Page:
Many professional firms take a “reactive” approach to content development.
- They’ll prepare an article when a trade magazine editor asks them to, perhaps without thinking whether the publication reaches the firm’s target market.
- The speaking opportunities they respond to aren’t necessarily aligned with the expertise that the firm wants to be known for.
- The firm’s professionals asked to write for the firm’s blog are not always the people that the firm wants to develop as its future leaders.
This means that it’s important that professional firms, and their marketing team members, have a tight focus for how to determine themes and topics for the content their firm produces. I think that there are three main hurdles all content must meet.
As an example, consider an engineering firm that wants to build a practice in urban renewal, a topic that was central to the Meeting of the Minds conference held in Detroit MI, USA in September 2014, which I attended.
The image above shows Cadillac Place, part of a complex that General Motors built in central Detroit in the 1920s. This building was the headquarters for one of the greatest concentrations of industrial knowledge of its time, and the complex now houses an innovative design school whose graduates are much in demand.
Content must support a service offering that is in demand
Many times, I’ve been asked to help professional firms generate content based on the request from an editor of a publication, on a specific topic. My first question in such cases: “Is there a demand for this kind of expertise, in the market?”
Our urban-renewal firm might be asked to write content on parking lot design. However, the firm might find that while there is some demand for this kind of service, cities are more interested in finding ways to avoid vehicle traffic, meaning less demand for parking lots.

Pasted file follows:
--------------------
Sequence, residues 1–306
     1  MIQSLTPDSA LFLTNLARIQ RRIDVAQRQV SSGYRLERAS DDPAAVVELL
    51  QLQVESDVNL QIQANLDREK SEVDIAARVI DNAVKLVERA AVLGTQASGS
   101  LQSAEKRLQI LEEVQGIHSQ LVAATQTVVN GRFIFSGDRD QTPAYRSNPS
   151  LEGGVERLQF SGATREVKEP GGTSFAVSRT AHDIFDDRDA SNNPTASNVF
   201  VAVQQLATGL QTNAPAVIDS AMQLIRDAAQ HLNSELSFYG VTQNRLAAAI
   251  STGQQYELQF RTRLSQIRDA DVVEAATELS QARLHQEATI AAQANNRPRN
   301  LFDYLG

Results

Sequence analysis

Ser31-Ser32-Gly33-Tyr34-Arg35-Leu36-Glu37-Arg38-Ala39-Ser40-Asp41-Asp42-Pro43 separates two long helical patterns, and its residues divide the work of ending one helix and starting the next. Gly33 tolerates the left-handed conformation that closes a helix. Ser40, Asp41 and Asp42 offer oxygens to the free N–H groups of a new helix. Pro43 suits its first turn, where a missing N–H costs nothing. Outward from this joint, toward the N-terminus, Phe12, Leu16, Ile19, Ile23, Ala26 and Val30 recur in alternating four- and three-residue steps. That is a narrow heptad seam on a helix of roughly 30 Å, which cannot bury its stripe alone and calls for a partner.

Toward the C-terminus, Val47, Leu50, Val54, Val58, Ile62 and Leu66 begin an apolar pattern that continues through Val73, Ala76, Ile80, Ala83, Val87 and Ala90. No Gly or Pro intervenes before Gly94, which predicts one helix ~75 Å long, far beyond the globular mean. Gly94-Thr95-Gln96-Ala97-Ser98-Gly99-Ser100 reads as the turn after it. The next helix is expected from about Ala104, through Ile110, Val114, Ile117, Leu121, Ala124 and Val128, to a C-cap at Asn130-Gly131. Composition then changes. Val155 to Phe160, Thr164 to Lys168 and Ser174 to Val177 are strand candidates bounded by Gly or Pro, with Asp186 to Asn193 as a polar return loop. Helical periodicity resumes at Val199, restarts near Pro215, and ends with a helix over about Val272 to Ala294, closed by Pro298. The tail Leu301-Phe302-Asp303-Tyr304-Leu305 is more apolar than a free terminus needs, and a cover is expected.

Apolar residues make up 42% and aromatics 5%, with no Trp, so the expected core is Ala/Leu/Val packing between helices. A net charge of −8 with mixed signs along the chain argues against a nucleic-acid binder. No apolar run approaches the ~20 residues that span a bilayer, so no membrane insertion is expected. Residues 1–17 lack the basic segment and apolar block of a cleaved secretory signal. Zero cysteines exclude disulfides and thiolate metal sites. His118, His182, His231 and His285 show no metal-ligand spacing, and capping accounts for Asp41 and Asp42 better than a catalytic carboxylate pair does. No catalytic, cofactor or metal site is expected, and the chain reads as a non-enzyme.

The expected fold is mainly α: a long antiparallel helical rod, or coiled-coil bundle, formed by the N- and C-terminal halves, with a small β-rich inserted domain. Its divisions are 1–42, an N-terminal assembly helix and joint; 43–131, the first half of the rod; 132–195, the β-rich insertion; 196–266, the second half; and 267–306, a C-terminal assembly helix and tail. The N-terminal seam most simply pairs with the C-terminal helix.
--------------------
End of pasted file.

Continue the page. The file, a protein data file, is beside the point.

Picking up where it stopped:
So it might be better for the firm to see if the topic of the article could be shifted into an area for which there is demand, such as finding ways for commuters using public transit, to transfer easily between modes of transportation.
Are enough people in the firm able to benefit from this content?
In some firms, the members who are most interested in developing content want to do it in areas that they find to be of personal interest. However, in many cases, there are not a lot of other people in the firm who also want to do that kind of work.
If the firm has many members who are qualified to do traffic studies, for example, it would be good to focus the firm’s content on how municipal governments can commission and use traffic studies effectively. This way, many members of the firm can benefit from handing reprints of articles on that topic, for example, to potential clients.
Does the content topic serve the bigger goals of the firm?
In his books on professional firm management, David Maister suggested that there are three types of firms according to their service offering:
- “Gray hair” firms that offer unique, thoughtful solutions based on experience;
- Firms that focus on providing reliable service for which reliability, not price, is the primary consideration;
- Firms that offer low-cost, high-volume service (such as most income tax preparers)
A firm’s content must meet the positioning that the firm offers -- whether it’s an in-depth analysis of a city’s economic opportunities, or experience designing an economic opportunity district, or low-cost energy audits that will help local businesses reduce their costs.
By thinking of these three “filters” for content, a firm can focus its content on topics that meet its bigger corporate goals.